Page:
Study finds K-12 education journalists prefer gut instinct to analytics to determine who's reading
LAWRENCE — A new study from the University of Kansas shows that while journalists do use new technologies to better understand their audiences and what they would like to read, K-12 education reporters and editors still largely rely on gut feelings as opposed to analytics software, suggesting limitations to the practice.
Education news has always been a topic of strong reader interest in community journalism, whether it is coverage of a local school bond issue or an increase in lunch prices. In recent years, there has been heightened interest with news of school closures during the pandemic and controversies about subject matter covered in the classroom. Stephen Wolgast, professor and Knight Chair in Audience and Community Engagement for News in the William Allen White School of Journalism & Mass Communications, interviewed journalists and editors from seven news organizations that cover education in Kansas to find out how they determine who is reading their work.
For most of their profession’s history, journalists had limited means to assess how many people read their articles or whether they finished the stories. Reader demographic information was largely unavailable. Technology and the migration to online publishing have changed that, but Wolgast’s study found analytics don’t yet have all the answers journalists need.
Programs like Google Analytics, Chartbeat and Parse.ly are now widely available, the researcher noted. Google Analytics is good at giving demographic and geographical information about who visits a site, which is largely useful for selling ads. Chartbeat and Parse.ly are designed more specifically for news sites. Wolgast interviewed journalists and editors who cover K-12 education across Kansas to find out which they use, how effective they are and how they compare to the old-fashioned method of pursuing a story: the gut feeling. The study, published by the Kansas Press Association, was a replication of one conducted by James Robinson, who interviewed education reporters and editors in New York. While New York and Kansas are very different, findings were not.
“The results were essentially the same. It’s the gut. My sense is that’s because digital analytics don’t provide the details they are looking for,” Wolgast said.
Respondents said sources and people they met in person most inform their reporters' instincts. In their job, they talk to school administrators, policymakers, teachers, parents and others involved in their local schools.
“What education reporters want to know is, ‘Who’s reading my story today?’ That is hard for analytics to know,” Wolgast said.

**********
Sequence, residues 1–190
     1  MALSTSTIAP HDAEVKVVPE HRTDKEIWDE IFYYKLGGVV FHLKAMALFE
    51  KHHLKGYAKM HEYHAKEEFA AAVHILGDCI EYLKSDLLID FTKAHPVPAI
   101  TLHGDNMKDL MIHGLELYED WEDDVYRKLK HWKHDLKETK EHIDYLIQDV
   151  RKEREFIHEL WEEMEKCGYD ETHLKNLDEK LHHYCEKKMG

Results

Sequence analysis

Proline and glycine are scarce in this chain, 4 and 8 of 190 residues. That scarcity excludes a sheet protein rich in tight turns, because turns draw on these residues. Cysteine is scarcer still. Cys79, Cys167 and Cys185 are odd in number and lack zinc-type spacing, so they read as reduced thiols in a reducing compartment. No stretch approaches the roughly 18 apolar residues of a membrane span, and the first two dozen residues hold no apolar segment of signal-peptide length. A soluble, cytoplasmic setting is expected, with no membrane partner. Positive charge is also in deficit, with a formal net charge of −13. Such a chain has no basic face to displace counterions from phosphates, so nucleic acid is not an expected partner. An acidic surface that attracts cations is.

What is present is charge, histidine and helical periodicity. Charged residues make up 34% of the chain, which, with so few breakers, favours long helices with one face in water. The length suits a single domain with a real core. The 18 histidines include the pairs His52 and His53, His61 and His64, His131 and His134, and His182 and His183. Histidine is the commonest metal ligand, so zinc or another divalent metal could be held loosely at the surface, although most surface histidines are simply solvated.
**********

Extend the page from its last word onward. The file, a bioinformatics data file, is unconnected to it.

Reporters said their readership fell into three categories: parents, residents who don’t have children in school but pay taxes, and school staff and the school board. Journalists reported all three groups were invested in schools in at least one way and some on multiple levels. While respondents said they did consider newsroom analytics, they relied more on what people told them in person to determine whether they were providing the news their audience wanted.
One exception to reliance on gut feelings and in-person interactions was when a story went viral or generated significant engagement on social media. Several respondents said they would check when their story was posted on the publication’s Facebook account, and if it generated a large number of comments, they knew the topic was of interest and likely worthy of a follow-up article. The same was the case when a story drew a larger-than-average number of unique visitors or was widely shared online.
While analytics software offers insights into which articles people clicked on and how long they stayed on the page, education journalists said they were not concerned with just numbers.
“Several journalists said, ‘My boss doesn’t just want me to get clicks, they want me to cover the news well,’” Wolgast said. “If they don’t have to focus on that, it suggests that there should be more attention paid by news organizations than to just stats.”
The study is part of a larger body of work. Wolgast said he hopes to continue to work with journalists to better understand how analytics can inform their work and whether they are reaching their intended audiences. The technology will continue to improve, but it is yet to be seen if the information it yields can be used effectively, especially when covering education, a topic of general interest to communities of all sizes, and increasingly at state and national levels.
“Can we use analytics to reach audiences consistently or figure out how to reach people more effectively?” Wolgast said of the topics he hopes to explore. “The next question is if the data is there or if journalists know how to use it. Or is it that the analytics tools don’t know how to provide the information journalists need?”
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